east german armour piercing??
I have a few hundred rounds of east german steel core ammo, my grandpa bought a case of it probably about 20 years ago now. He didnt know what it was at first till it was flying through some big old telephone poles they were using as targets. Is this stuff rare or worth anything? I cant find much info on it other than this I found doing a yahoo search
"The only round that ever came close to AP was the East German surplus 7.62x39 that was imported back in the early 90's.
I bought a couple cases of the East German 7.62x39 back then and dissected a few rounds just to see what it was made of. The dissected rounds yielded hardened steel (possibly tungsten) cores that when fired would punch through a 1/2 inch of pre-hard, tooling plate (A-2 @ 32-36 on the RC scale) like a hot knife through butter. Other bullet types of the same caliber (i.e. lead-core military ball, hollow point, etc.) when tested would only put a dent or splash in the plate and not even come close to penetrating."
East German steel core is not rare or valuable and it is NOT armor piercing. The East Germans DID NOT make AP. They made a hardened steel core ball cartridge, but it was not AP nor was it intended to be AP. These are also very rare and never imported in any quantity, much less case quantity. As for these hardened steel core ball cartridges, they do not perform any better against steel plate than mild steel core ball. The information you found is inaccurate...
From the East German info in my folder,
M43 WK - Ball, lead-core
M43 - with steel core bullet (armour piercing)
M43 SKE - tempered steel core (high effective armour piercing)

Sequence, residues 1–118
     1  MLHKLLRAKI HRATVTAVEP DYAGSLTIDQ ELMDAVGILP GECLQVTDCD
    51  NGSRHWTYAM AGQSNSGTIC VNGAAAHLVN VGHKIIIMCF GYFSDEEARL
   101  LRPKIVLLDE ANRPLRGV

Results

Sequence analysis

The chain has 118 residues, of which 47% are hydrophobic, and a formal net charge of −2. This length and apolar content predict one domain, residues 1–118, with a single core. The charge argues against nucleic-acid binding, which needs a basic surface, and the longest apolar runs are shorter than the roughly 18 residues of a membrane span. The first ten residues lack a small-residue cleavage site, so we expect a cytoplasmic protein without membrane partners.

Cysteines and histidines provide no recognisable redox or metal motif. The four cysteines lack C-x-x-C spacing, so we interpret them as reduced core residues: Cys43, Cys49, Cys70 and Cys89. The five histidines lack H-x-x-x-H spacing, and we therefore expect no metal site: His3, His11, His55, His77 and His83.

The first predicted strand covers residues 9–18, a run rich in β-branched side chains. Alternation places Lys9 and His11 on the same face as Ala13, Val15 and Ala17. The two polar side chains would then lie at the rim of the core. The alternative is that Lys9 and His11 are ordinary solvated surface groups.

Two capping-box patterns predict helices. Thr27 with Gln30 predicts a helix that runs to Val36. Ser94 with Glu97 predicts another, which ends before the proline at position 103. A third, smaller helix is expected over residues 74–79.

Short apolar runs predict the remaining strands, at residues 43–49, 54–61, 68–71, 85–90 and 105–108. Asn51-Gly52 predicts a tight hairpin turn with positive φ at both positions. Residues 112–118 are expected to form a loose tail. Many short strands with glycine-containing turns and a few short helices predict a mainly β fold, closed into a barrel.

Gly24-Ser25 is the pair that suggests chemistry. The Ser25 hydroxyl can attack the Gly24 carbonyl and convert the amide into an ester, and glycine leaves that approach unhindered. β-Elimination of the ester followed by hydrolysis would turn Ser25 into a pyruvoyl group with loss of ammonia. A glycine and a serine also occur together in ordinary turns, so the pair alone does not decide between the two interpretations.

RC 32-36 is very low on the scale, and is more of a mild steel, SS109 is around 40-45, and the black tip M2 30.06 is in the low 60's, along with 57-N-231S
We might be talking about the same bullet?! Wolf
The East German export literature calls the M-43 and SKE "Armor Piercing", but that is really only salesman's hype. Neither qualifies by design or performance as AP. As the SKE was only made for export, it never had an official military designation. Since it was only in production for about two years before the fall of the wall, very little of it was made. It was essentially a copy of the Soviet 7.62x39mm "Enhanced Penetration" M-43 ball cartridge. Both of these rounds are exactly the same as a normal M-43 ball except the core is hardened steel. As the core still has the same flat-nosed, blunt profile, it's ability to penetrate "Armor" is poor. These "Enhanced" ball rounds were intended to perform better against body armor being worn by modern troops...
The designation "WK" means "Weich Kern" or literally "soft core" - referring to the soft lead used in the bullet core. Not an official military designation, but rather one required under German law to accurately describe the product.
The M-43 ball cartridge is referred to in German as "Eisen Kern" or "Iron Core". In German usage, this means the core is not steel or hardened.
"SKE" means "Stahl KErn" or "Steel core" which in German usage means a hardened steel core. Also described in German literature as "Hartkern" or "Hard core".